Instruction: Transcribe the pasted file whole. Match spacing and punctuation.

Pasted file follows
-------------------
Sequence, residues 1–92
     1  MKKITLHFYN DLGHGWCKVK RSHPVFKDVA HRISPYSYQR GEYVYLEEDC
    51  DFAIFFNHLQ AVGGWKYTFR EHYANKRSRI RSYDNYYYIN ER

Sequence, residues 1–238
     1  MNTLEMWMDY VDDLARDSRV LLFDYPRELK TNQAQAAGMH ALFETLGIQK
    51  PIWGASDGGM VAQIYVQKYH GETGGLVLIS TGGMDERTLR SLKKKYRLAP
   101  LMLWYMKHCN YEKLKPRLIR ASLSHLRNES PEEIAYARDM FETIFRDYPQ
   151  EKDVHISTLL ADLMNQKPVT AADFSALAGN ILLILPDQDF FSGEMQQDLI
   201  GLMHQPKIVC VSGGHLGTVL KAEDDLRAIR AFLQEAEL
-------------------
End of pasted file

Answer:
Sequence, residues 1–92
     1  MKKITLHFYN DLGHGWCKVK RSHPVFKDVA HRISPYSYQR GEYVYLEEDC
    51  DFAIFFNHLQ AVGGWKYTFR EHYANKRSRI RSYDNYYYIN ER

Sequence, residues 1–238
     1  MNTLEMWMDY VDDLARDSRV LLFDYPRELK TNQAQAAGMH ALFETLGIQK
    51  PIWGASDGGM VAQIYVQKYH GETGGLVLIS TGGMDERTLR SLKKKYRLAP
   101  LMLWYMKHCN YEKLKPRLIR ASLSHLRNES PEEIAYARDM FETIFRDYPQ
   151  EKDVHISTLL ADLMNQKPVT AADFSALAGN ILLILPDQDF FSGEMQQDLI
   201  GLMHQPKIVC VSGGHLGTVL KAEDDLRAIR AFLQEAEL